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October 10th, 2000

An open letter to Ms. Helen Clark, The Prime Minister of New Zealand:

In the past ten days three situations occurred which have left me wondering what is happening in New Zealand under your governance. First, three intelligent, educated, New Zealanders, all in their 30’s approached me for jobs in my U.S.A. businesses. I then had an export opportunity squashed by the Dairy Board and finally, the NZ dollar fell below 40 cents.

As a New Zealand citizen who left God’s Zone in 1980 for academic and employment opportunities in the United States, it pains me to see what is happening to New Zealand, and its economy.

There are many things the country has no control over. Oil prices, and the weather come to mind. However many things are within your control and I feel the country is at a cross roads with the dollar falling below 40 cents to the US dollar for the first time.

New Zealand has so many positive things going for it. None of which, from my perspective have been exploited to their potential:

  1. The first major developed country to start the business day.

  2. A generally well educated, English speaking population with high levels of telecommunications and computer literacy.

  3. A beautiful country with amazing scenery, and tourism opportunities.

  4. A restrained legal system that does not encourage contingency litigation.

  5. A country with a tremendously positive image abroad, of both its people and countryside.

  6. The internet now allows trade without barriers to distance and time zones, with minimal transaction costs.

  7. Natural resources, most especially fresh water in abundance.

My investment in New Zealand is varied. I have not abandoned the country but you should understand the depth of my frustration. I am writing this letter to you of my own accord and expense. I have also tried in a small way to repay my country. I support New Zealand sport by sponsoring a full time position for a swim coach in Cromwell. I have property development in Central Otago, and investments in a number of New Zealand public companies. My companies employ a number of New Zealanders directly and indirectly.

Recently I contacted the senior executive of the marketing arm of the New Zealand Dairy Board in the US concerning investment in a cheese factory for export of specialty cheese to the US. I quickly discovered that the Dairy Board was not even interested in meeting me or in any assistance or opportunity for additional sales of specialty cheeses in the US.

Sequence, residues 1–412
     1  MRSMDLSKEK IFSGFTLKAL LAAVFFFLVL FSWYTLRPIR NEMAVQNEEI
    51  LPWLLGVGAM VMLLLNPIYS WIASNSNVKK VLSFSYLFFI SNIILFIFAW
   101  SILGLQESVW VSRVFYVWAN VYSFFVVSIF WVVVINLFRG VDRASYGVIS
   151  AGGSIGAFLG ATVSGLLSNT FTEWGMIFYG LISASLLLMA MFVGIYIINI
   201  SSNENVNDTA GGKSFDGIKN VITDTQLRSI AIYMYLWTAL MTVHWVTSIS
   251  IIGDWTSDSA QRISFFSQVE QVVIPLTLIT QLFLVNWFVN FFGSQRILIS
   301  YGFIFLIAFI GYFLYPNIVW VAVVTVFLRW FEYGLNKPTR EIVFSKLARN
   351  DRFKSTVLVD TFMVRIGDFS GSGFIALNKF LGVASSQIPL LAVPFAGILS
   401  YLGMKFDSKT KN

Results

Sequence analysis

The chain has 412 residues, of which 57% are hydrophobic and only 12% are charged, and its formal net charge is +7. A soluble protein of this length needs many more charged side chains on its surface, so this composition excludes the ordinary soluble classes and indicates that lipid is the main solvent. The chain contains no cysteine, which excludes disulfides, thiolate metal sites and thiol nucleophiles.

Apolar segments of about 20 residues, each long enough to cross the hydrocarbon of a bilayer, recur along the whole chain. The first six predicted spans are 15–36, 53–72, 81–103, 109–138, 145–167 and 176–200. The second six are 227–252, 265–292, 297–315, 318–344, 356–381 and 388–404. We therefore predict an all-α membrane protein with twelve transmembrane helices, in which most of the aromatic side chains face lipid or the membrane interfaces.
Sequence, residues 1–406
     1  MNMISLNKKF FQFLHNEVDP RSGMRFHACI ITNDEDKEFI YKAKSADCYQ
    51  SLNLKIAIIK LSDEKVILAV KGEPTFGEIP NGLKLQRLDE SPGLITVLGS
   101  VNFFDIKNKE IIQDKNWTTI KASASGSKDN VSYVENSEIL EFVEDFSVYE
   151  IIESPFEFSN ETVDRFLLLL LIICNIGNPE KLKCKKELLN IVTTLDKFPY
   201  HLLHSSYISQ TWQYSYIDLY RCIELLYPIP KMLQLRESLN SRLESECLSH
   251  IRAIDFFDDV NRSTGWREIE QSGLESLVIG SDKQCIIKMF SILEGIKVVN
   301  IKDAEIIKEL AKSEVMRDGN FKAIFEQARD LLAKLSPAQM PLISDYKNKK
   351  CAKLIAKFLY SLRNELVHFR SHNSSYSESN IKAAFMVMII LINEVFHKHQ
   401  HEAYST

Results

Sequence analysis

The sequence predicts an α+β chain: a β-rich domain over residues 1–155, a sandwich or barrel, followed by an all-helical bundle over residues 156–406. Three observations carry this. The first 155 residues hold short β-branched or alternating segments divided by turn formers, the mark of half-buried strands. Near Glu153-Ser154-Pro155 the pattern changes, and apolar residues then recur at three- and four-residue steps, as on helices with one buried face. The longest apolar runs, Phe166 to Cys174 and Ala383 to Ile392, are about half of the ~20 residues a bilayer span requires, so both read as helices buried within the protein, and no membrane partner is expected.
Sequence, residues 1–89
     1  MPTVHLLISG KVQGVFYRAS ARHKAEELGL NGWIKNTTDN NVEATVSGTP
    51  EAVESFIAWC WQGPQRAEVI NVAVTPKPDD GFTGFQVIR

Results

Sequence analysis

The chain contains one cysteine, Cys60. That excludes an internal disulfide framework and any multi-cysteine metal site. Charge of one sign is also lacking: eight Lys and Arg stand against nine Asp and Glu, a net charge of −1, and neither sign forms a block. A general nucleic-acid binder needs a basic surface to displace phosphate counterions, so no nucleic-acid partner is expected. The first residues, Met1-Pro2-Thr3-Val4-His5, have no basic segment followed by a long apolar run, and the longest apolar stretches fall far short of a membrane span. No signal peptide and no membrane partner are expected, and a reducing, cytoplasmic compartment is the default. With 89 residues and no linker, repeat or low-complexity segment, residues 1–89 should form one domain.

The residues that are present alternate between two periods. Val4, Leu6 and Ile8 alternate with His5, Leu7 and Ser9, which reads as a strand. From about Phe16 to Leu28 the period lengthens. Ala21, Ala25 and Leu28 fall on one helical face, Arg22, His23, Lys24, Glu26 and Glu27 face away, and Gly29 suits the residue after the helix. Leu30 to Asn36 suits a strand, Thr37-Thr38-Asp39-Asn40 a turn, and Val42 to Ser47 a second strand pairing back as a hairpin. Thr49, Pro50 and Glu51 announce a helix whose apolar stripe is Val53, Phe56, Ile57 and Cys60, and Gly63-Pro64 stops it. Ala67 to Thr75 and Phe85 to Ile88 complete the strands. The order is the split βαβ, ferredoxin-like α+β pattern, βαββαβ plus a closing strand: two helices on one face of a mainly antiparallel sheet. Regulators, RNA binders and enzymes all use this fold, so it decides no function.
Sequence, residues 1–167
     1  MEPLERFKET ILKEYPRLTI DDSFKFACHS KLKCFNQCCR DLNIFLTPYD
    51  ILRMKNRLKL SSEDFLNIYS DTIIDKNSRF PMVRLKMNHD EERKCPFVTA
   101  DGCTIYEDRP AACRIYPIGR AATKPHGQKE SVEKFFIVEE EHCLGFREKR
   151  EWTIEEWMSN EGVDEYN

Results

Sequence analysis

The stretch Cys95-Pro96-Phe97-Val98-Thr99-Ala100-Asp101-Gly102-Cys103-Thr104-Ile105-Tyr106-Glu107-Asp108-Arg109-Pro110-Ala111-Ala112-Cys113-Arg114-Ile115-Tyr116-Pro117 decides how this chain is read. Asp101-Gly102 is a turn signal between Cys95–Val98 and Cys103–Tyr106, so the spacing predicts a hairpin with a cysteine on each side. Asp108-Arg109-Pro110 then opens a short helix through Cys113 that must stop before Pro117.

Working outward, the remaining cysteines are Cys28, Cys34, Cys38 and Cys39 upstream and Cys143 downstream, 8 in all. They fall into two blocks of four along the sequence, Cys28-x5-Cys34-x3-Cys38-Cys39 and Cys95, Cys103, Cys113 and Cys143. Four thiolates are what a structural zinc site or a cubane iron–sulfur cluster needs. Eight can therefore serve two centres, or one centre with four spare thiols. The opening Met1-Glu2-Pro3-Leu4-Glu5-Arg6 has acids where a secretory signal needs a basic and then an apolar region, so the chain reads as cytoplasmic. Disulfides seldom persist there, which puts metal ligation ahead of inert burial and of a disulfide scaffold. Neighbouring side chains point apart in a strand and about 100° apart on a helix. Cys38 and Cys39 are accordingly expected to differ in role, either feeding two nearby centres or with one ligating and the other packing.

The issues that need to be addressed in my mind are as follows:

  1. Should the country still use a discredited model for distribution of its primary produce – based on the mistaken belief that a quasi government agency will protect producers from under cutting each other?

  2. With a tax rate of 39% and GST of 12.5% on consumption, is there any incentive for young talented New Zealanders to hang around? Many have found they can leave the country and pay off their student loans with income from the US or UK. What incentive is there for them to return? Please refer to the full page ad in the Herald last Thursday from Richard Poole.

  3. The New Zealand Stock Exchange index is much the same as it was 13 years ago.

  4. New Zealanders have to realize there are no entitlements. You have to earn what you spend. There are consequences to spending more than you earn. New Zealanders can no longer afford to have a third of the population on some form of government hand out. New Zealanders cannot whine and complain, about what others are or are not doing, if you want change, you have to make it happen. Government action is not the only solution, but its actions do affect international opinion, shapes the New Zealand brand and reputation and as a result influences investment decisions.

The changes required are ones of attitude and perspective, not necessarily financial.

The government should be leading the way. Petty bickering and politicking do not improve relations with the international investment community. Capital is mobile. Money doesn’t have to stay in New Zealand, it can find a home in many other economies. And it is doing that right now.

I am not advocating financial incentives, nor handouts for business from the government. Neither do I endorse a totally hands off or laissez-faire approach by government. But business confidence is critical to leading consumer confidence out of the doldrums. The government impacts that confidence.

You have two choices.

  1. You can ignore these comments and write them off as the ill-informed opinion of an outsider.

  2. You can lead policy changes that make the country more accessible to investment capital and innovation and retain the countries most valuable asset – its talent.

You are losing my confidence. But then you may not care. If you do care, which choice will you make?

 


 John M Carr
 San Antonio, Texas
 john@carr.co.nz


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 Related Links
New Zealand Herald Online - Brain drain debate escalates (09.10.2000 07:30)
New Zealand Herald Online - Clark dismisses latest attack on economy (09.10.2000 16:25)
New Zealand Herald Online - US-based critic of economy has lots more to say (10.10.2000)
 

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